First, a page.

In the second of what will be her three turns as guest director, the New Haven, Connecticut-based Edwards is weaving together a festival of PICA returnees (the Wooster Group, Dayna Hanson, and Nature Theater of Oklahoma) and newcomers who are—perhaps more than in any previous year—connected by a theme, which Edwards describes simply as "storytelling."

Shakespeare, Beckett, and Merce Cunningham, anyone? "I’ve been thinking a lot about the classic voices that have informed a collective sense of who we are," Edwards says. "These are really complex times. I’m craving something emotional: being in the room with art that can be profoundly moving." —RG


Heralded as the leading contemporary interpreters of Samuel Beckett, Ireland’s Gare St. Lazare Players reach beyond Beckett’s more commonly performed plays to his fiction: "First Love," one of Beckett’s earliest works, offers a look at his emerging tragicomic sensibility (Sept 10-13 at 8:30); "The Beckett Trilogy" is a three-hour tour of the writer’s trio of novels, Malloy, Malone Dies, and The Unnamable, described by Variety as a "spell-binding marathon" of the “supreme poet of mankind at its lowest ebb" (Sept 14 at 6).

The legendary New York multimedia theater group goes virtual with "There Is Still Time… Brother," an interactive, panoramic meditation on war that puts the audience at the center and—for the one member who sits in a lone swivel chair—in control of a 30-minute, 360-degree barrage of everything from battlefield footage to the blogosphere (ongoing, Sept 10-18 4:30-8:30). The Wooster Group’s director, Elizabeth LeCompte, will join a panel discussion on the ensemble’s history and technique (Sept 12 at 2:30).

One of his generation’s most probing media artists, Charles Atlas, 52, will offer a triptych of his wide-ranging, interdisciplinary work. "Tornado Warning" is a five-channel video piece built upon Atlas’s early childhood memories of Missouri tornados (daily, Sept 10-19 noon-6:30). Atlas will present a live mix of prepared and sampled video performed with musician-composer William Basinski (Sept 10 at 10:30 p.m.). And in "With Merce," Atlas lectures on and screens some of the 40 years of films and videos he made with the late choreographer Merce Cunningham (Sept 11 at 2:30). —RG



Lee Kelly


For four decades artist Lee Kelly has filled Portland’s public spaces and private gardens with huge, totemic works of welded steel. But his work has never enjoyed the respect of a retrospective. On October 2 at the Portland Art Museum (and November 4 at Elizabeth Leach Gallery), Kelly will finally arrive, not just in style but in scale. Anchoring a 50-year look at his paintings and sculptures will be Memory 99, his never-before-shown, 10-by-20-foot, COR-TEN-steel Goliath set to dominate the museum’s sculpture court. Like recent mammoth works on display by the late minimalist Sol LeWitt and Spaniard Jaume Plensa, chief curator Bruce Guenther says that Memory will redefine the museum’s space.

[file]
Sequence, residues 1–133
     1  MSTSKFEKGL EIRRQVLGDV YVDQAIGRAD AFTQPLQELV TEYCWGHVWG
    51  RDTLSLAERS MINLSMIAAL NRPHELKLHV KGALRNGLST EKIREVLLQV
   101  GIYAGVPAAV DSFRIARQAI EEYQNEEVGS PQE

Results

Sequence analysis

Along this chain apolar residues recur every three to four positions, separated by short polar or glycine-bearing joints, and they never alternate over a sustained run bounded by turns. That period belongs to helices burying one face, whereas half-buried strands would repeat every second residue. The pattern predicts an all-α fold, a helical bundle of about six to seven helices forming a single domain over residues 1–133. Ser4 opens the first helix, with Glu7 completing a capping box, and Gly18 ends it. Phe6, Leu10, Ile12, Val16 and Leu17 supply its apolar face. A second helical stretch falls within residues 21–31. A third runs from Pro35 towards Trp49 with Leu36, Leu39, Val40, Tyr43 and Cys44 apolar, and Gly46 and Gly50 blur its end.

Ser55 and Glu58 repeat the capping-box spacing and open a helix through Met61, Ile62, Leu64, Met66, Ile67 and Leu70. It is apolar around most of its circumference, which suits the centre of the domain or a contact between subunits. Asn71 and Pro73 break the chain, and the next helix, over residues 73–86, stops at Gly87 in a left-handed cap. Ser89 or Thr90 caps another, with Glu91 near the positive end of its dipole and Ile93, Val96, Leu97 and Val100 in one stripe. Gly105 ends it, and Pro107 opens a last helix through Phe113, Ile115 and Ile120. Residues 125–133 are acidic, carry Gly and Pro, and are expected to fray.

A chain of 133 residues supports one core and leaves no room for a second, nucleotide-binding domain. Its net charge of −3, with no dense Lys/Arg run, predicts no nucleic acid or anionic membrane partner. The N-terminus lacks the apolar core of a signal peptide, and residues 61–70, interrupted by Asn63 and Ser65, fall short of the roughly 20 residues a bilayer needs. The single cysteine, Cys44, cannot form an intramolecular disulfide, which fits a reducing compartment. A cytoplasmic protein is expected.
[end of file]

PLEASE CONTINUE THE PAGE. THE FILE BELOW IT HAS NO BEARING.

"Lee is rare among Northwest sculptors for always working beyond his arm’s length," says Guenther. "He’s pushed the limits of materials, space, and technique to build Big Things that become part of the world."

Kelly shrugs at others’ notions of his grandness; he’s still figuring out how to install the several-ton Memory without marring the museum’s marble floors. "I’m 78," he laughs. "As an artist you get used to your life being an open book."

Make that an open local art history book. Kelly says he learned a "reverence for sculpture" during his ’60s-era studies with Portland State University’s classically inclined Frederic Littman and "how to handle women and drink" from the decidedly modernist Pacific Northwest College of Art teacher Louis Bunce. ("He taught in a wonderful way," he quickly qualifies. "It’s just that a lot of it was in bars.")

Ever-grinning Kelly and his outlook seem ageless. "The times ?have never been a problem," Kelly chuckles. "I’ve never made much money. Bad times are no different than when times are good." —RG


Sept 14-Oct 27 Album In this group exhibition, a cadre of renowned Oregon painters, sculptors, and photographers cast their collective gaze—at each other. Former PNCA teacher George Johanson, conceptual photographer Marne Lucas, still-life painter Sherrie Wolfe, and multimedia artist Melody Owen are among those depicting their fellow artists. Tue-Sun noon-4. B.P. John Administration Building, Third Floor, 17600 Pacific Hwy, Marylhurst University._503-636-8141

Sept 11-Oct 16 Henk Pander: Mary Alice Paintings At age 72, this Dutch-born and classically trained painter continues to add to a powerful artistic legacy. Having often reveled in the dramatic and, frequently, the dour, here Pander reveals a lighter, brighter touch in a series of paintings of his granddaughter Mary Alice as both subject and inspiration. Fri-Sun noon-6. 8371 N Interstate Ave. 503-913-6884

Sept 2-Oct 2 Justine Kurland: This Train Is Bound for Glory Yale-educated photographer Kurland explores the idea of freedom through icons of Western expansion-trains, hobos, hippies, and assorted unbridled spirits that once populated the landscape. Portrayed with a mythic edge in her trademark gritty romanticism, Kurland’s work seems to pose the question: is freedom still an option or merely folklore? Tue-Sat 10:30–5:30 & by appt. 417 NW Ninth Ave. 503-224-0521 —JC